The denouement of the chess-based film Searching for Bobby Fischer features a match played between a couple of pre-pubescent prodigies, one named Josh Waitzkin and the other Jonathan Poe. Waitzkin was a real-life player, whose father wrote the book on which the movie is based, but fewer people know that his opponent, Poe, was also based on a actual, real-life guy, a young Canadian named Jeff Sarwer.
Sarwer was tipped by many to follow the eponymous Fischer to the very top of the game, but instead disappeared apparently without trace, never to be seen as an adult around the chequered board. But chess's loss is poker's gain. Sarwer has been seen at a few EPT events in recent years, but never so visibly as today. He was in irresistible form on his charge to the summit of the overnight leaderboard, heading into tomorrow's penultimate day of season six in Warsaw.
This may soon become the defining game of Sarwer's career. He is the dominant leader, with 956,500 at this stage, about 400,000 more than his closest challenger. As the ever-exuberant Peter Hedlund observed late on, "Jeff is a Hoover. He'll Hoover all your chips." Of all the many words that pour from Hedlund's mouth, these were among the most astute.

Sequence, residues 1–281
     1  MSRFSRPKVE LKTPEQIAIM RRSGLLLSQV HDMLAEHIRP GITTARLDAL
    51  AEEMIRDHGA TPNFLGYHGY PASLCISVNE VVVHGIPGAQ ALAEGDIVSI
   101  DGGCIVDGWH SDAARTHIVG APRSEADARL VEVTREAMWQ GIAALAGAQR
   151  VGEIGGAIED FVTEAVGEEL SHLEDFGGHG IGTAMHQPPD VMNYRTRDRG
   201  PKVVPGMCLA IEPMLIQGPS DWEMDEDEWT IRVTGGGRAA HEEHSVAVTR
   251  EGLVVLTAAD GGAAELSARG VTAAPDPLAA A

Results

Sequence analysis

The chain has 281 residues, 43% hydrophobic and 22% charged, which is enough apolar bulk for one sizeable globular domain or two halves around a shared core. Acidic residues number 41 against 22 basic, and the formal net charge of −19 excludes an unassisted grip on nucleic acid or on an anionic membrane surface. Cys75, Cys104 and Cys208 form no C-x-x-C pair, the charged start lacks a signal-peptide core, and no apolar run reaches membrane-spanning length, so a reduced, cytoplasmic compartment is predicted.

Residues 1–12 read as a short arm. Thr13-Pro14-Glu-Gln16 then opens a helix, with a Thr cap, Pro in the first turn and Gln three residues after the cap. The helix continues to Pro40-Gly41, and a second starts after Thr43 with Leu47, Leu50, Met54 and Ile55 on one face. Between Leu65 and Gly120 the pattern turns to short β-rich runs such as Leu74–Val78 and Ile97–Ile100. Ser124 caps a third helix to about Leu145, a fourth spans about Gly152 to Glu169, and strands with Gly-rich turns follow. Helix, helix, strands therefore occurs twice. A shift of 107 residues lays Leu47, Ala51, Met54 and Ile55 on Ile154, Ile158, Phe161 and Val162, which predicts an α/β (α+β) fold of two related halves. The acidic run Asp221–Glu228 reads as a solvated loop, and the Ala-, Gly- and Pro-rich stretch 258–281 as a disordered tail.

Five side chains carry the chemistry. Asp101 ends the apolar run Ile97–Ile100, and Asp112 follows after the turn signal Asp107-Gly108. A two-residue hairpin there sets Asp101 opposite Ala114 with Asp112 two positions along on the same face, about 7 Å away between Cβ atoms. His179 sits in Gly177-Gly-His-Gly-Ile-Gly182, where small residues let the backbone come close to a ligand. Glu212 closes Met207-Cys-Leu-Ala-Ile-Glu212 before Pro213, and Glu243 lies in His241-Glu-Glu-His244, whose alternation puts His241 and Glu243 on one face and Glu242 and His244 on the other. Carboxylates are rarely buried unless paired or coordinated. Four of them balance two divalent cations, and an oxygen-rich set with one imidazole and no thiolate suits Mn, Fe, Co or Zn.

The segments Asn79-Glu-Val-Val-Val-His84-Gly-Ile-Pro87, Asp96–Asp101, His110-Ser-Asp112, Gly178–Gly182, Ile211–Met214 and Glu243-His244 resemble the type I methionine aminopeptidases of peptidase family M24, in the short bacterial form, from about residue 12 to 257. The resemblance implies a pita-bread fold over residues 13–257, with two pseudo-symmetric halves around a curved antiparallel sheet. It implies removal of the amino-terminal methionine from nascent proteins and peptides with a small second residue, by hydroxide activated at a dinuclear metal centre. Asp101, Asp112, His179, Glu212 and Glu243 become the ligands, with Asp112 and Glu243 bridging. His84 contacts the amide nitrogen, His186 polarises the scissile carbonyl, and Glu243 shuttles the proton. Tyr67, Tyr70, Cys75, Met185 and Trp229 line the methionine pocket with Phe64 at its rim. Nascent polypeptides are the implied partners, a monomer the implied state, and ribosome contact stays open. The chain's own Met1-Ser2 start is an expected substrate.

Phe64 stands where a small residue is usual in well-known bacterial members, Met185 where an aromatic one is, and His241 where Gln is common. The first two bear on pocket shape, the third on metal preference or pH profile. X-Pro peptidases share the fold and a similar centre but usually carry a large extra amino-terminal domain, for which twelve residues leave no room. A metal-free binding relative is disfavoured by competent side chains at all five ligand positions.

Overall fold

Sarwer got involved in a huge pot against Sorel Mizzi, knocking out the dangerous Imper1um with aces against king-queen. Then aces again accounted for today's early chip leader, Piotr Kilinski. The Polish player's ace-king was crushed, and he fell short of the money.
Carter Phillips knows all about that. Another monster stack before play began, he says he lost 11 coin-flips en route from 299,800 chips overnight to the rail before day was done, taking with him the hopes of becoming the first two-time EPT champion. That particular hex endures.
It was no day to be a World Champion either. Peter Eastgate busted within the first couple of levels, by which point his Team PokerStars Pro colleague Thierry van den Berg had already been out for more than an hour.
That left the startling Luca Pagano to fly the flag alone for the Team. This is now his 12th career EPT cash, extending his record as the most consistent in-the-money finisher in the tour's history.
Pagano will have his work cut out to make it all the way to the final table, though. Top-notch players such as Clayton Mozdzen (574,000), Shaun Deeb (192,500), Antony Lellouche (332,500), Jani Sointula (182,500) and Vitaly Lunkin still remain in this field. It was a small one, but the quality has never been in any doubt.
Their full, official counts are on the chip count page, where you won't see the name of Domantas Klimciauskas. He was our unfortunate bubble boy, busting to the cruelest of fanfares at about 8pm. Klimciauskas's ace-jack hit top pair, but Oleksandr Vaserfirer had flopped a set of eights. Ouch.
All the rest are in the money, aiming for the kind of cash you'll find on the payout structure page.
You can relive today's action with any of the following links:
All the photos today came, as ever, from Neil Stoddart, with the exception of this cheeky chap.
This comes from the website of Jeff Sarwer, then a chess prodigy, now a poker player. Come back tomorrow to see if he can book a spot on the final table.